The New York Times’ DealBook conference is going on, and Warner Discovery CEO, David Zaslav, took the stage to chat about the state of the industry and defend some of his most controversial decisions.

In a conversation with Andrew Ross Sorkin, Zaslav said, “We’re at a very hard time that requires hard decisions, and many of them are unpopular."

Zaslav has gotten a lot of heat this year, from the SAG and WGA strike to canceling movies like Batgirl, which he deemed not worth the fiscal investment to finish and release.

Despite those headlines, Zaslav explained he was doing it all as a calculated attempt to ensure the company for the future. He said, “If we were going to start today, what content do we need? What content is going to help us? How many people do we need? What should HBO look like? What should Warner Brothers look like?”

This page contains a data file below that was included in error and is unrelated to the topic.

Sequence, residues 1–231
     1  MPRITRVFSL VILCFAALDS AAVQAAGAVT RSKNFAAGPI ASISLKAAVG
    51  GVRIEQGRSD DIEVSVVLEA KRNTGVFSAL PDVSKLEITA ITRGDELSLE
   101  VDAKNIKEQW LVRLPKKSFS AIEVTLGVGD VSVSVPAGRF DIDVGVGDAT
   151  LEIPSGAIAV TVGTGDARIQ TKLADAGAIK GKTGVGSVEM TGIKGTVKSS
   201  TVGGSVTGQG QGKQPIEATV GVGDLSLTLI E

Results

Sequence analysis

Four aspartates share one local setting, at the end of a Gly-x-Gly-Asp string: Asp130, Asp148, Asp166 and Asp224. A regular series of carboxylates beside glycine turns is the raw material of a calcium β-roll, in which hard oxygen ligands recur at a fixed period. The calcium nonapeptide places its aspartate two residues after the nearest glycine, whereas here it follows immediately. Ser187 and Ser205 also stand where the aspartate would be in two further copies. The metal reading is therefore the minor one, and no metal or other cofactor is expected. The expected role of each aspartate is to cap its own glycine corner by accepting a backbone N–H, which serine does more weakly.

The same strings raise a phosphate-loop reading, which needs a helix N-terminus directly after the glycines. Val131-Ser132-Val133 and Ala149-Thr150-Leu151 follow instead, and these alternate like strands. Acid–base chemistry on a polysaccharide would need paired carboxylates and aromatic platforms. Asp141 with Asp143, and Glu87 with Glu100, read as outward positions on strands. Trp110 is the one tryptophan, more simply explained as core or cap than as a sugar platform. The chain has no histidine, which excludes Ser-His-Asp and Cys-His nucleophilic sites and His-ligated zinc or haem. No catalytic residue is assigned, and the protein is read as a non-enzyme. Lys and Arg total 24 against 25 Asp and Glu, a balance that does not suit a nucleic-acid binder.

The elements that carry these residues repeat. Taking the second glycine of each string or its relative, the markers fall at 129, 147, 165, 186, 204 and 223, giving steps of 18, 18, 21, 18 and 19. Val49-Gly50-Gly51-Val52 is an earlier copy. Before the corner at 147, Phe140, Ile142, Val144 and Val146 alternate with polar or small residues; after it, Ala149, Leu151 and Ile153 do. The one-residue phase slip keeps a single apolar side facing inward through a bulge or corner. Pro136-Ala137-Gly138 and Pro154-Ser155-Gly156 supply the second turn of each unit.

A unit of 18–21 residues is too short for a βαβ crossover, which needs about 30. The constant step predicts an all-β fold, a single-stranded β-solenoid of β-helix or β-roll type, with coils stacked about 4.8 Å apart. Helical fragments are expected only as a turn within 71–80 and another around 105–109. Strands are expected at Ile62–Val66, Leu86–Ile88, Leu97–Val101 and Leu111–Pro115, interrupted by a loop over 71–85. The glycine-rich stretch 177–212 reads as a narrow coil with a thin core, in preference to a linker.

Of course, many filmmakers would argue that having their work come out is what is good for the studio, especially after certain stories like WB shelving the animated film, Coyote vs. Acme, which supposedly tested incredibly well with audiences.

But Zaslav had an answer for that, too.

Zaslav said, “If we produce a show, a $100-million movie ... We’ve spent the $100 million dollars, and if we don’t release it. It’s gone. We don’t have any real benefit from it. The question is, should we take certain of these movies and open them in the theater and spend another $30 or $40 million to promote them? And Warner Bros.' team and HBO made a number of decisions. They were hard. But when I look at the health of our company today, we needed to make those decisions. And it took real courage.”

These are just words, and I don't think any artist will take solace in knowing big business is courageous for not taking a chance on their work.

But you kind of have to hand it to Zaslav, he is committed to putting the business first.

We'll see how it pans out.